Of course some of the problems around having a centralised view of the customer comes from the disharmony of core banking systems. Many banks have built up legacy systems as silos, so whenever a new channel came up they put in a new system but couldn't necessarily join them up, making it difficult to deliver a consistent view and brand. "It needs one CRM system, one database and one unified IT system that can support the business," says Mark McMurtrie, marketing director at S1 (previously Postillion). "If banks invest in building effective CRM systems they can then group their customers and tailor services and campaigns to them." And he stresses that banks must realise the value of each of their channels as complementary rather than competing. "For instance mobile banking is not just a subset of internet because customers are using it for balance enquiries and recent transaction activity, which is very different to the most popular actions on the net where paying people tends to be paramount," he says.

Banks are working hard though to redefine their relationship with customers. "We have seen a lot reinvesting in their branch network because they realised that pushing customers down the internet route had alienated them and made them more likely to jump ship. They lost the customer relationship," says Gartner's Newton. Many have branch of the future concepts that have a concierge desk type approach that emulates the likes of Deutsche Bank in Berlin where its concept has everything from a coffee shop to a crèche. The automation of mundane processes allows banks to remove the physical barriers between staff and customers, freeing them up for more in-depth and value added services. "There are a number of models being developed - some focus on process and some on the customer, but all recognise that the role of the branch has to change," adds Newton. "The banks are recognising what their customers want but it's not necessarily a case of picking one model and saying that's the template. It's what's most relevant to that customer."

HSBC's branch of the future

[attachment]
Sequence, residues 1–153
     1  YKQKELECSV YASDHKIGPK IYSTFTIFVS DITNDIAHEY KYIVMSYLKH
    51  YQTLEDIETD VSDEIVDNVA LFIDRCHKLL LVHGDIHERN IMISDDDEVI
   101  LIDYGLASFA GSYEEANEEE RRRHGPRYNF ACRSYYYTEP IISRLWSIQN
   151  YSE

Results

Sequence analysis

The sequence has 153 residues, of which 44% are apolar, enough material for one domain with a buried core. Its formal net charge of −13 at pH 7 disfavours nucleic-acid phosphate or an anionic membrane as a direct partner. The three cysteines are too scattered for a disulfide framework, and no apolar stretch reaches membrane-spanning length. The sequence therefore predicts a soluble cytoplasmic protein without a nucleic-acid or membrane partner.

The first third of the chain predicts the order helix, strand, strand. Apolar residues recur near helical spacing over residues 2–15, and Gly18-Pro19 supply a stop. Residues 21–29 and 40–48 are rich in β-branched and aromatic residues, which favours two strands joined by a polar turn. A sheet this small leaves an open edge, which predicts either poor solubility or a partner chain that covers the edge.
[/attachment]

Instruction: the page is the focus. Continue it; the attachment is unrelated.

HSBC currently has four 'branches of the future' and its latest opens in High Holborn, London, in December. "We are making more of the advice and expertise available at a branch," says Peter Keenan, head of branch network at HSBC. He is looking at various technology changes to cut the account opening and mortgage approvals to a day, as well as conferencing facilities to bring specialist expertise to smaller branches. The look of the branches is also changing - segmented to key customer profiles. "In High Holborn there will be an area where you can check share prices, internet kiosks where you can do web transactions, a premier centre for our high end customers and a business area," he says.

HSBC will open ten more branches of the future in Q1 next year, at which point it will roll a current refurbishment programme and the branch of the future programme together with the aim of having 200 branch of the future stores by year end 2010, and the whole chain revamped within the next four years. "We will put the refresh and branch of the future programme together once we ensure we have design just right," says Keenan.

Integration will become more important for banks. "You will see all the different channels that touch the consumer will start to show a similarity - there will be an overall look and focus to an ATM, branch and internet interface for example," says Aleksandra Lubavs, sales manager for ATM provider, Diebold. This is already happening at HSBC where screens used for applying for a loan online are the same as in branch, meaning that an application can be started online but be completed within the branch. "Ultimately the vision is to have one way of doing things," explains HSBC's Keenan.

CFS' Bulmer says technology will allow sophisticated opportunities to help the customer in ways he or she may not have even thought of yet. "For example, your bank texts you when you are nearing your overdraft limit and says you have x amount in your savings account, would you like to transfer some cash to stop being charged," he explains. "It is something we are looking at but the challenge is how to do it securely."

Better customer management will help banks like CFS, HSBC and others to understand their customers more fully. "The data we have on our customers covers all their shopping and the richness of that data is what allows us to understand them. We can use that data and expertise to ensure we give the right, appropriate advice," says HSBC's Keenan.

The role of the branch is changing and inevitably the big banks will lose some market share but if they get the blend of technology and customer service just right then it will be the bank where their customer is having a cup of coffee and a slice of cake as they chat over their finances, rather than Tesco. They'll need to improve to meet the challenge of this powerful grocer though and the other new entrants that are bringing the shock of the new to this market.